The Affordable Care Act requires all non-grandfathered health insurance coverage in the individual and group markets to be guaranteed issue and guaranteed renewable, the U.S. Chamber reported. Non-grandfathered insurance plans and policies in the individual and group markets can vary premium rates based only on age, family status, geography, and tobacco use, with some exceptions. The new requirement will affect premiums paid by individuals and families working for small employers who offer health insurance. The U.S. Chamber estimates that the premium rates for roughly 11 million people will increase and about 6 million people will see a premium rate reduction.

The National Association of Small Businesses said, "[S]mall businesses paid an average of $1,121 a month per employee for individual coverage [in 2013], up from $590 in 2009, the year before the ACA was enacted."


In 2009, President Obama promised that his health care law would make health insurance "more affordable," but instead, small businesses have gotten a double whammy with the poor rollout of SHOP Marketplace exchanges and higher premiums, the Chamber said.


Defense chief says more bases must close

Federal Times (Medici 2/25) "The Defense Department must close bases and realign its forces in order to meet congressional mandated budget cuts, according to DoD Secretary Chuck Hagel. Hagel said in a Feb. 24 speech DoD will ask Congress for another base realignment and closure (BRAC) round that would cut billions from its infrastructure costs.


"He added that Congress has blocked two previous requests, and that if it does so again DoD will cut base costs wherever it legally can. DoD cannot close down a base in its entirety within the United States without congressional approval. 'We cannot fully achieve our goals for overhead reductions without cutting unnecessary and costly infrastructure,' Hagel said.


"In 2004, DoD estimated it had about 25 percent excess infrastructure. The 2005 base realignment and closure process cut roughly 3 percent of that. The department saves more than $12 billion a year from the five BRAC rounds announced between 1998 and 2005 and is hoping to save more in a future consolidation. In Europe, Hagel said, DoD has already reduced its infrastructure by 30 percent since 2000 and will craft a plan for additional cuts this spring."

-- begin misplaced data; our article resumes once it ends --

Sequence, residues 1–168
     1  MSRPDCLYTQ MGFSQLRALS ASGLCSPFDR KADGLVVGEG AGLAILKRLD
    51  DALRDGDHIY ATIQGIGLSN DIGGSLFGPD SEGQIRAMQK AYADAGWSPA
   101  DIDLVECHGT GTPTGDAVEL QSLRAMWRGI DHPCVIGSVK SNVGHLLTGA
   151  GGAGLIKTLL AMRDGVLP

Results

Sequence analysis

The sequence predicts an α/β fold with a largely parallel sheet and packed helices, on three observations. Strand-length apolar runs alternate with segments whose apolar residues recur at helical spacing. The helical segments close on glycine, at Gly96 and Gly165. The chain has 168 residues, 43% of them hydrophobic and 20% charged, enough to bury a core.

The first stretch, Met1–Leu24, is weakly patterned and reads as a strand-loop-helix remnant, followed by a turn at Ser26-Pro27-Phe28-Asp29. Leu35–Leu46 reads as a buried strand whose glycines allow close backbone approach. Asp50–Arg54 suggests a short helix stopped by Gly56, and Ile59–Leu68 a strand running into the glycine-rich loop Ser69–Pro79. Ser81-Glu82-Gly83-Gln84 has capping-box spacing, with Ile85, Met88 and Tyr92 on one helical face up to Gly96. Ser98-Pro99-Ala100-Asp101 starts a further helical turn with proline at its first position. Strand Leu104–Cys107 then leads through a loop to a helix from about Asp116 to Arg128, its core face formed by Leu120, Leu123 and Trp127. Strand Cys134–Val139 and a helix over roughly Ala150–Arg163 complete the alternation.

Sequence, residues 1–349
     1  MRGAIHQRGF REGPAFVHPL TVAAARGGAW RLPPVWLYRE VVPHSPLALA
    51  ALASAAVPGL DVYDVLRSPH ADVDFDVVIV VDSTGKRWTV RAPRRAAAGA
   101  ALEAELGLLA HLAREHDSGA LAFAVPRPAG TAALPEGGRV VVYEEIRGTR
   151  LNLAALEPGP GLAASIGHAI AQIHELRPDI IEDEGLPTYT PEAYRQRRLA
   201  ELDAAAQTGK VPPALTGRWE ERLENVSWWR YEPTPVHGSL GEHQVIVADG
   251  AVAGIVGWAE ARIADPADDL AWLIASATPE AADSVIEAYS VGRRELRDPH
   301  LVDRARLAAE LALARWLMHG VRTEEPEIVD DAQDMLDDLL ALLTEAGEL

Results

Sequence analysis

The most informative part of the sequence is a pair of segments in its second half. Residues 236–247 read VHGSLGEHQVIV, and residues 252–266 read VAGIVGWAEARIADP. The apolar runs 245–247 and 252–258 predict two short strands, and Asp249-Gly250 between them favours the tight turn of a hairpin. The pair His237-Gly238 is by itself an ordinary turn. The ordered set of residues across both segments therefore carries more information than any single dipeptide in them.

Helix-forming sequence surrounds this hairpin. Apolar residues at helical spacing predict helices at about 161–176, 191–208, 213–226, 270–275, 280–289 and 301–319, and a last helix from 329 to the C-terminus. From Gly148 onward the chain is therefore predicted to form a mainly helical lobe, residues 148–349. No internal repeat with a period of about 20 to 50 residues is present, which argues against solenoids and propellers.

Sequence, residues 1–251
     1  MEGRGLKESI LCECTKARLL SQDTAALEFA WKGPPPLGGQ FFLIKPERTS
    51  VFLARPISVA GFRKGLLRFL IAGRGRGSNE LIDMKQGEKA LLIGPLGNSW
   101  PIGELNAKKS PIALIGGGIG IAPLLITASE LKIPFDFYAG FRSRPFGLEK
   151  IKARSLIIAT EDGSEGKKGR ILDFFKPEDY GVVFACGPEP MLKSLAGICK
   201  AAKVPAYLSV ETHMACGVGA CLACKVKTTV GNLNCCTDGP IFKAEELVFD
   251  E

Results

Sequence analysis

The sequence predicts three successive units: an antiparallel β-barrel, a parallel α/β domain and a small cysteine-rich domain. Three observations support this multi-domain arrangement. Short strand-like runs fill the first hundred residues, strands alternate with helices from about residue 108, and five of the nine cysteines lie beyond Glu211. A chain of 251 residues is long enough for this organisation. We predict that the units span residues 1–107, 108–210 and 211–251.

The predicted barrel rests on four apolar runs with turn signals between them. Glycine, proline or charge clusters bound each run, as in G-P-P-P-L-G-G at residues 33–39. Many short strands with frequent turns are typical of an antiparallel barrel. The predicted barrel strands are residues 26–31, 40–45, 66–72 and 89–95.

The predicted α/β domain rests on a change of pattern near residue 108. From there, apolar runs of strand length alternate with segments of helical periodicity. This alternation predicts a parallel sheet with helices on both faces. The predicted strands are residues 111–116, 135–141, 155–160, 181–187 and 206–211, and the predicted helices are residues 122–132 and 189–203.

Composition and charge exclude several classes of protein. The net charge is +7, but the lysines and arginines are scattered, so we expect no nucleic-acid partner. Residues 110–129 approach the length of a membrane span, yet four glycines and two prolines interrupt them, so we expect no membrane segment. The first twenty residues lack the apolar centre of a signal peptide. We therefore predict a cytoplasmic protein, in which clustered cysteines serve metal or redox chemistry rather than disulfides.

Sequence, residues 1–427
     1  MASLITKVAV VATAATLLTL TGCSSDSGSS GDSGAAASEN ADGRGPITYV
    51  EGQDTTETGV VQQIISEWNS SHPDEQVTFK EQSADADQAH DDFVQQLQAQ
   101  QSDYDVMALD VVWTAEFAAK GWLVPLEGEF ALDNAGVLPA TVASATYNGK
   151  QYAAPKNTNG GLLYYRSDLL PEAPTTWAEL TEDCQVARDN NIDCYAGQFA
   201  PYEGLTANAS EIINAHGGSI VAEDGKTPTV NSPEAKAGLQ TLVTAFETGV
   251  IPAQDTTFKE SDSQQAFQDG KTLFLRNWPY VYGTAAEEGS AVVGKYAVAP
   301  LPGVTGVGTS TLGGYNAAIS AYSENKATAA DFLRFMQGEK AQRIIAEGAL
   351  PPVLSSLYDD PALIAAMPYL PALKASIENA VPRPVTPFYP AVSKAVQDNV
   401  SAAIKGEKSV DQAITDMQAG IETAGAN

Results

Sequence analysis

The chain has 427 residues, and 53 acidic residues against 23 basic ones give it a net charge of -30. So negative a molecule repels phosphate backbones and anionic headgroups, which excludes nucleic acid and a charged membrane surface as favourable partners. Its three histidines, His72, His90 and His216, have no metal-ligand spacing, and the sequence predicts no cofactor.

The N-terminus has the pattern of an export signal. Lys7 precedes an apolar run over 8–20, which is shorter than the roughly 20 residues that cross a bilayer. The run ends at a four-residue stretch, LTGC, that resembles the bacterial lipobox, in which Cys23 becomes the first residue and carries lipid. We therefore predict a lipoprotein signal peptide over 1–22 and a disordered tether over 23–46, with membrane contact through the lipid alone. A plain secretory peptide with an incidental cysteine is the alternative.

Tax plan sends shockwaves down K Street

The Hill (Needham 2/26) "Rep. Dave Camp (R-Mich.) divided Washington's powerful industry groups into warring camps on Wednesday with his no-holds-barred proposal for tax reform. The release of the plan, which was years in the making, revealed one of the most closely held secrets in Washington: the tax breaks that the Ways and Means chairman thinks should be sacrificed in the name of a simpler, fairer system.


"Industry groups on the losing end of Camp's proposal were swift to denounce it, with one of the most vocal protests coming from the hedge fund industry, which saw its treasured carried-interest provision singled out for elimination. Under Camp's plan, the top income tax rate for individuals would drop to 25 percent from 39.6 percent while adding a new 10 percent surtax on some earned income above about $450,000. The top corporate income tax rate would fall from 35 percent to 25 percent.


"While Camp's proposal appears to be going nowhere in Congress, elements of the 1,000-page plan could be revived in future tax reform efforts - and that has many interest groups worried. Major players in the financial industry lined up to denounce Camp's proposal to create a new quarterly fee for financial institutions with assets above $500 billion.


"Camp's plan also targets two of the most popular carve-outs in the tax code: the deductions for mortgage interest and for state and local property taxes. For mortgages taken out after 2018, the plan would cap deductible mortgage interest for loans of at least $500,000, down from the current level of $1 million. The plan also would nix the ability of taxpayers to deduct state and local income taxes, except for those that are paid to run a business."


US Chamber of Commerce   National Association of Manufacturers